Night of the Demon (1957)

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Aka Curse of the Demon. Where does imagination end and reality begin? What is this twilight, this half world of the mind that you profess to know so much about? How can we differentiate between the powers of darkness and the powers of the mind?  American professor Dr. John Holden (Dana Andrews) arrives in London for a conference on parapsychology only to discover that the colleague he was supposed to meet, Professor Harrington (Maurice Denham) was killed in a freak accident the day before. It turns out that the deceased had been investigating a devil-worshipping cult lead by Dr. Julian Karswell (Niall MacGinnis). Though sceptical, Holden is suspicious of Karswell. Following a trail of mysterious manuscripts, Holden finds out that the sole link between Karswell and Harrington is a supposed murderer Rand Hobart (Brian Wilde) who is now catatonic. At Harrington’s funeral he meets the man’s niece Joanna (Peggy Cummins) who gives him Harrington’s diary. He enters a world that makes him question his faith in science…  Adapted by producer Hal E. Chester, Charles Bennett (responsible for creating Hitchcock’s trademark tropes) and Cy Endfield, from the story Casting the Runes by the great M.R. James, this is one of the best horror films ever made. Notwithstanding the material’s power, the producer argued with director Jacques Tourneur (and Bennett) as to whether the demon should actually be shown – the producer won. Andrews (replacing Robert Taylor) is pretty good in a film that just drips with tension:  you wouldn’t want to attend a seance led by Athene Seyler in a hurry.  Locations include Brocket Hall, Herts., Stonehenge, Salisbury Plain, Bricket Wood Railway Station, Heathrow Airport, the Savoy and the British Museum Reading Room. It’s totally terrifying, incredibly atmospheric and an under-seen minor classic of the genre. I’ve heard it I’ve seen it I know it’s real

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Bedazzled (1967)

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What terrible Sins I’ve got working for me. I suppose it must be the wages. Stanley Moon (Dudley Moore) is a hapless short-order cook, infatuated with Margaret (Eleanor Bron), the statuesque waitress he works with at Wimpy Burger in London. On the verge of suicide, he meets George Spiggott (Peter Cook), the devil, who, in return for his soul, grants him seven wishes to woo the immensely challenging Margaret. Despite the wishes and the advice of the Seven Deadly Sins, including Lilian Lust (Raquel Welch), Stanley can’t seem to win his love and shake the meddling Spiggott… The writing and performing team of Pete ‘n’ Dud (aka Derek and Clive) were top comics in the 60s and this collaboration with Stanley Donen would seem to be a marriage made in cinematic heaven but it’s hard to see how their antic charm works in a Faustian satire that seems more antique nowadays. The seven deadly sins are embodied in quite clever colour-coded scenarios and there are some good visual tricks but overall the surreal touches can’t hit the mark. The deadpan delivery by the debonair Cook and the winsome charms of both Moore and Bron (who inspired Eleanor Rigby) as an unwitting femme fatale compensate for the shortcomings of the script. Best bits:  the pastiche pop show and the cross-dressing as nuns who trampoline. A time capsule of sorts. Julie Andrews!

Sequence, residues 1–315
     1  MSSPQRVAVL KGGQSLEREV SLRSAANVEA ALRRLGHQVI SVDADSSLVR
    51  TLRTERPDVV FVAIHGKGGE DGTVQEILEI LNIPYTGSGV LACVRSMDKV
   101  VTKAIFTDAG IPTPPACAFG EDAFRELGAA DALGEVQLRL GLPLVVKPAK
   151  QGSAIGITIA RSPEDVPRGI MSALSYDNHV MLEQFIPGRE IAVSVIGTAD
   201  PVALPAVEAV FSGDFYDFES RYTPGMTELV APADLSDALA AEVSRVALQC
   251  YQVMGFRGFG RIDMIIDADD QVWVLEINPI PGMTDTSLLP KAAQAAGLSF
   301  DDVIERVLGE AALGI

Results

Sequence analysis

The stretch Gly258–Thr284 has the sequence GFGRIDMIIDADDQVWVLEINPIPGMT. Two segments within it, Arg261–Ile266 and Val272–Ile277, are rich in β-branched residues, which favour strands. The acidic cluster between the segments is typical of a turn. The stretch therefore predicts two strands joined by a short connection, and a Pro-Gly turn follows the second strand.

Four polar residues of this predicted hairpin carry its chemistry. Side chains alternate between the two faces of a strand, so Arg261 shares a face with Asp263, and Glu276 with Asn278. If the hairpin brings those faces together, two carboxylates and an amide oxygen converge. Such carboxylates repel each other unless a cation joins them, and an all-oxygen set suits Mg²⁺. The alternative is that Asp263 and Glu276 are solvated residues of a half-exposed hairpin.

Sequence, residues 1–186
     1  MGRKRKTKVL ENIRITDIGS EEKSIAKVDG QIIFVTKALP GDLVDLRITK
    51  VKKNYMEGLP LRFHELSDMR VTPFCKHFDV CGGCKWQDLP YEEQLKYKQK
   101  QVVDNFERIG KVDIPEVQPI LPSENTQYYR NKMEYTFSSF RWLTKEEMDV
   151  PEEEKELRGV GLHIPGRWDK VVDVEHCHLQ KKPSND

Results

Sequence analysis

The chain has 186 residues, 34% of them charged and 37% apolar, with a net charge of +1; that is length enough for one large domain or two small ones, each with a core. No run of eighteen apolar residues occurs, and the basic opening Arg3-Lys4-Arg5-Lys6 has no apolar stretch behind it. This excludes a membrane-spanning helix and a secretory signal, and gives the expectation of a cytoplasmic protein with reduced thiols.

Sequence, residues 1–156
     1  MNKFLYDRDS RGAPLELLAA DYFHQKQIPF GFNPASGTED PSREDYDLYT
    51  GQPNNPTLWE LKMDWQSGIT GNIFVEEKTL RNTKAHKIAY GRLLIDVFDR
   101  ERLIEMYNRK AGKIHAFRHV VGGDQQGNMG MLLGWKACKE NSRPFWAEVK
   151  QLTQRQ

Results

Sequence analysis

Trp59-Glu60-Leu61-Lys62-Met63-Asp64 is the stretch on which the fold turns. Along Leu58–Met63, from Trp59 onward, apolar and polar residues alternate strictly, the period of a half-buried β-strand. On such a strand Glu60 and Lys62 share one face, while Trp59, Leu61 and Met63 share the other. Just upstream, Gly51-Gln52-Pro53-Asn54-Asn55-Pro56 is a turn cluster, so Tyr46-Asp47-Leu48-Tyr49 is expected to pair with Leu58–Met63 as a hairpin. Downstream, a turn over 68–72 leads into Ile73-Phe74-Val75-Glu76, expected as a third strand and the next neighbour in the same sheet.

Werewolves on Wheels (1971)

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What on this good earth could possibly be better than a biker film – unless it’s a biker horror film?! Adam (Stephen Oliver) and his crew The Devil’s Advocates (nominative determinism or tempting fate?!) are tooling around as bikers do until he falls under the influence of One (Servern Darden) and his cult… Donna Anders, appearing here as DJ Anderson (confusingly, her real name!) , plays his girlfriend Helen, who doesn’t like the hand of Tarot cards she’s dealt at the story’s outset. When they come across One and his gang in the deconsecrated desert church their food is drugged, she turns into a werewolf and soon infects Adam. (Is this a feminist act?!) They flee but get picked off one by one and when Adam and Helen transform in front of the others, the gang kill them. A few of them return to the church to kill the satanists but they recognise themselves in the procession …Notable for its footage of real-life bikers doing what they usually do, this was co-written by director Michel Devesque with David M. Kaufman. Oliver was best known for playing Lee Webber in TV’s Peyton Place between 1966 and 1968 and appeared in a number of other biker outings:  Motorpsycho (1965), Angels from Hell (1968), and Cycle Psycho (1973). You’ll recognise other cast members from The Last Movie. Cinematographer Isidore Mankofsky earned his stripes shooting for Encyclopaedia Brittanica but after this he made Scream Blacula Scream and in the following years got credits on films as diverse as The Muppet Movie, Somewhere in Time (sigh!), The Jazz Singer, Better Off Dead and One Crazy Summer:  a versatile talent.  Likewise Levesque, who followed this with Sweet Sugar, another exploitation outing, but who also had an impressive career as an art director on such fare as Supervixens, Beneath the Valley of the Super-Vixens, Carquake and Foxes. There’s a notable psychedelic soundtrack provided by Don Gere. This is pretty good as biker werewolf movies go, which is to say, what more could you want from such a fabulously preposterous genre mashup?! If you’re hairy you belong on a motorbike! You read it here. PS cat lovers beware.

The Devil Rides Out (1968)